September 30, 2008, 12:00 AM

Money in the E-Mail

(Page 2 of 2)

It all looks so clear when you look at this chart. Why did Fashion Outlet not realize that they were losing money by mailing too often? Because this chart was not available to them. It is a chart that could only be developed after the year was over and the mistakes had been made.

During the year, Fashion Outlet managed 180 individual campaigns, each different, with products to feature, prices to determine and deadlines to meet. The pressure was on to get the e-mails created and out the door. No one was in a position to take the long view and see where all this was going.

To run a successful e-mail marketing program, you have to look at your long-term success in retaining subscribers rather than your short-term success in making this quarter’s sales goals. E-mail marketing is developing a dialogue between you and your subscribers. Find out what they think about your company and products. Find out what they want to read about, and how frequently they want to hear from you. If you do that, you can avoid falling into the trap that Fashion Outlet fell into.

There are several ways to do this. One is to give everyone who wants to unsubscribe the opportunity to select less-frequent e-mails instead of no e-mails. Or you can ask them if they want e-mails on only certain products-such as shoes, accessories, sport clothing, etc. One retailer who offered a less frequent e-mail opportunity found that it saved more than 25% of those who might have been lost-and those saved went on to buy more products.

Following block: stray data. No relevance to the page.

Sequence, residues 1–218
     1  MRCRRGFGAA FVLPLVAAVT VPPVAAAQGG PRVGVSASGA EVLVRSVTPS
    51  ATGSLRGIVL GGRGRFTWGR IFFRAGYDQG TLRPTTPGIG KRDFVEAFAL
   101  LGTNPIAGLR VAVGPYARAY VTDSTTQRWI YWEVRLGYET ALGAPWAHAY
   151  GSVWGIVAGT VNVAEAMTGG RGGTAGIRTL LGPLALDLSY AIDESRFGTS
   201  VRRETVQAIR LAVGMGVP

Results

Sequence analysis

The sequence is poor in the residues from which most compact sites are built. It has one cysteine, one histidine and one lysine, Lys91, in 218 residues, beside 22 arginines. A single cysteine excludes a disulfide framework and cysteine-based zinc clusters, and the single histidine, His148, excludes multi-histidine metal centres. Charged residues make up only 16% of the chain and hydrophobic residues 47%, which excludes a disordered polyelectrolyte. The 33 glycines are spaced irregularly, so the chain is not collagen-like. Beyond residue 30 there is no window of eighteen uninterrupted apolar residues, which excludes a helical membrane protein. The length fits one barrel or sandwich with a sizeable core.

Leavers are keepers

Another retailer examined the lifetime value of the unsubscribers versus the lifetime value of those who remained. Amazingly, the subscribers it was losing were more valuable than the ones they were keeping! This type of analysis forces e-mail marketers to work creatively to find ways to retain their subscribers-instead of just sending more e-mails to those who have not yet departed.

Finally, as an e-mail marketer, you should make sure that you are always testing. Before changing the frequency for everyone, change it for 20% of your file. See what happens to the deliverability rate and the number of unsubscribes. If Fashion Outlet had done this, it might have saved itself a lot of grief. The other part of testing is having a monthly review where you get your staff together to answer the question: “What changes in our e-mail program should we make based on what we have learned from the tests last month?” Many e-mail marketers do run tests, but without the subsequent review sessions.

E-mail marketing is hard work. Few people have the time and foresight to look ahead, to do tests, and to develop charts based on a year’s data. But those who are successful at e-mail marketing will be those who have the drive and persistence to do just that.

Arthur Middleton Hughes is senior strategist at e-Dialog, an e-mail marketing services company. He is founder of the Database Marketing Institute. Hughes can be reached at ahughes@e-dialog.com.

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